Fitzgibbon: Labor talks more about climate change than jobs

Fitzgibbon: Labor talks more about climate change than jobs

OPINION
News
Joel Fitzgibbon, the Member for Hunter.

Joel Fitzgibbon, the Member for Hunter.

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Joel Fitzgibbon says Labor has become defined by its climate change policies and in doing so, lost the support of the working class.

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OPINION

I joined the Australian Labor Party 36 years ago. It was a different Party then, but so too were the times.

At Labor Branch meetings local members discussed the pay and conditions of the working-class people we represented first and foremost, or analysing the Hawke government's latest reform proposal.

Like now, the world was changing fast and Hawke and Keating were adapting in appropriate but challenging ways.

Their ultimate success was a product of their capacity to bring people with them; left, right and centre. Enough voters at least, to win four more elections.

Everything they did was done in the name of equality of opportunity and aspiration: for the nation and its people.

It is past time 21st century Labor reclaimed the Hawke-Keating legacy; a more efficient, open and competitive economy.

An economy that leaves no one behind, whether they live in Surry Hills or Singleton.

Universal health care, superannuation for all, and affordable access to higher education.

At the 1987 election, Labor's primary was 48.2 per cent. At the 2019 election it was 33 per cent.

The 1987 election delivered Labor 86 House of Representatives members. Today we hold just 68.

Of the 86 Labor members elected in 1987, 27 represented rural and regional electorates.

In 2020 Labor holds just 18 bush seats. Not good enough.

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At the recent Eden-Monaro by-election, people in high-vis vests and steel-capped boots, and tradies wearing tool belts, turned up to Queanbeyan's polling booths with Liberal, Nationals and Shooters, Farmers and Fishers how-to-vote pamphlets in hand.

In demographic terms, Queanbeyan is Western Sydney.

On May 18, 2019, the same thing happened in my own electorate of Hunter - but this time they arrived carrying One Nation how-to-votes. They numbered 22,029 or 21.5 per cent of the primary vote.

Where did it all go wrong?

When I was a teenager, I'd often hear people explain the Liberals are for the bosses, the Nationals are for the farmers and the Labor Party is for the workers.

The choice was clear.

But I rarely hear people say that of Labor anymore. I do however regularly hear: "Labor is in bed with the Greens."

It's a perception for which Labor has only itself to blame.

Labor in the 21st century talks more about climate change than it does jobs. Indeed, it's main jobs narrative is the "renewable energy superpower".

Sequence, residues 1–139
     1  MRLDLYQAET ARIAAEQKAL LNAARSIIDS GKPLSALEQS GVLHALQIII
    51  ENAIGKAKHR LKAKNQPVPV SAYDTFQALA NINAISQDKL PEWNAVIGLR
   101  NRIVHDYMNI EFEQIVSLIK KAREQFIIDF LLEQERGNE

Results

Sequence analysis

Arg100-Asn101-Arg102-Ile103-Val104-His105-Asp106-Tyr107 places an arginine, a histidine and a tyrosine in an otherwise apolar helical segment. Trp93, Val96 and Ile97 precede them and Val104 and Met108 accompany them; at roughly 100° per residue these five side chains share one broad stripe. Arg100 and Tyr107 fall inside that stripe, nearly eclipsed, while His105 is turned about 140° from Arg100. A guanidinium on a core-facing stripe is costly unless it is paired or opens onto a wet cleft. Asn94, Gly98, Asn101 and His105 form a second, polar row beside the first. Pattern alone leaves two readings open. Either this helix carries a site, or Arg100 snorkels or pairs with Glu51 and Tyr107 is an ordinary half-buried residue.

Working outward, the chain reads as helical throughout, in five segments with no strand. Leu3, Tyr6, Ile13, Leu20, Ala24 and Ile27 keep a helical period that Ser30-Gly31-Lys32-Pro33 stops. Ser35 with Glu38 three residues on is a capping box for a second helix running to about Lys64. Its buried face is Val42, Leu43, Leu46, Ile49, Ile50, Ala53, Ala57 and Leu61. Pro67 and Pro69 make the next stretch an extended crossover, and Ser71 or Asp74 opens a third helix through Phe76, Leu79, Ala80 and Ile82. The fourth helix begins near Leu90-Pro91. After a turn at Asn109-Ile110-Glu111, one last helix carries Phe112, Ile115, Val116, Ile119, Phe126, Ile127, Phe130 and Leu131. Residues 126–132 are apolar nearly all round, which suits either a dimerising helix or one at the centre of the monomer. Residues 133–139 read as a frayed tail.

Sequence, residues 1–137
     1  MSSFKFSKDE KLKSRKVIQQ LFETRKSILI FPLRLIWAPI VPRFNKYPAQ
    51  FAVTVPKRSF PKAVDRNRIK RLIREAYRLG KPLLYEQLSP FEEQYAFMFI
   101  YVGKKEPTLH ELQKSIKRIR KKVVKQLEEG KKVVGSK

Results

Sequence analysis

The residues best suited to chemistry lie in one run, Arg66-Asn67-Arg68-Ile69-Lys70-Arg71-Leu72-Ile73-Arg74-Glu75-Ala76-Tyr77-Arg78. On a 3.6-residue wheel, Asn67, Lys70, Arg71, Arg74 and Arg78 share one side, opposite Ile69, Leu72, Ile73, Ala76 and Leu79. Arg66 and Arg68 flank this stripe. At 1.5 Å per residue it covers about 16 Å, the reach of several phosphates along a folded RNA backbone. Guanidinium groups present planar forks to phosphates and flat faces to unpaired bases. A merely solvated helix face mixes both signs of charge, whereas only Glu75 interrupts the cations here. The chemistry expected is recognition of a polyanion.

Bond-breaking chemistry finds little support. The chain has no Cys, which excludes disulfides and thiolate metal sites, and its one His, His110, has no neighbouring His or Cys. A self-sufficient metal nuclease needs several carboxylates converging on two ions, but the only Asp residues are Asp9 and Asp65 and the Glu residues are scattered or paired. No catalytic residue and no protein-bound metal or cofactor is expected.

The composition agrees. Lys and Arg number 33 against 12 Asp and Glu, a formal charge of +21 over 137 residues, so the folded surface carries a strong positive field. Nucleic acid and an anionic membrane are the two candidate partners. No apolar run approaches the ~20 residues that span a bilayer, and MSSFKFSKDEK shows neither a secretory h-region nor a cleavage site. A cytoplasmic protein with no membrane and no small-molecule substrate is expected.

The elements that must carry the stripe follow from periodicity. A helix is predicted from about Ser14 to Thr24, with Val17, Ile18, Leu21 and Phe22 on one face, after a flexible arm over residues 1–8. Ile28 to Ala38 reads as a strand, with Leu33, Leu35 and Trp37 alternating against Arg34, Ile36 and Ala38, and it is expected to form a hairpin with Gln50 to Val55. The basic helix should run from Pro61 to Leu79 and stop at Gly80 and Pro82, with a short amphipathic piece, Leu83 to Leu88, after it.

Punters have little idea what that is. Labor has become defined by its climate change policies, most of which have been rejected by the electorate or repealed by our political opponents.

In other words, in all the years since the election of the Rudd government, Labor's only successful market-based brake on carbon emissions has been the expansion of John Howard's Renewable Energy Target.

Along the way workers in the coal, coal generation, oil and gas sectors have come to believe Labor no longer supports them or the industry they work in.

They constantly hear people saying their chosen career represents an existential threat to humankind and must be stopped in its tracks.

These workers are rightly proud of their work. Their industries generate great wealth and export income - the income we use to pay for our imports.

Their products keep the wheels of industry turning, keeps us warm and keep the lights on.

Labor is right to be ambitious on climate change action. It's an important challenge, one which industry is taking seriously too.

But the best climate change policy in the world is not much good if it remains in the desk drawer after every election because another election has been lost.

Hawke and Keating didn't accept the old political narrative. They backed our resources sector while kicking goals on the environment.

They won the confidence of the business communities and our farmers. Farming group leaders often tell me the best agriculture ministers they've worked with were Labor's John Kerin and Simon Crean.

Labor in that era cut corporate and personal tax rates. They increased family support so that more women could participate in the economy.

Labor saved the Franklin and the rainforests. They drove Landcare and helped farmers improve their farming practices.

Queensland Premier Annastacia Palaszczuk recently won re-election in large part by reaching out to Labor's traditional base.

She announced a new coal mine in the middle of the campaign and visited manufacturing plants associated with the coal and gas industries.

She talked up the need to rebuild the skills required in those industries. As a result, in Ipswich, Gladstone and Townsville they turned up with Labor's how-to-vote in hand.

Palaszczuk won back the hi-vis vests while retaining the support of those in the more progressive suburbs of Brisbane.

Joe Biden won the US Presidential election by both promising an ambitious plan for a clean economy while backing more gas and carbon capture and storage technologies.

Both political leaders demonstrated centre-left parties can walk and chew gum too.

Millions of Australians are hoping Federal Labor can do the same. That's what I've been fighting for.

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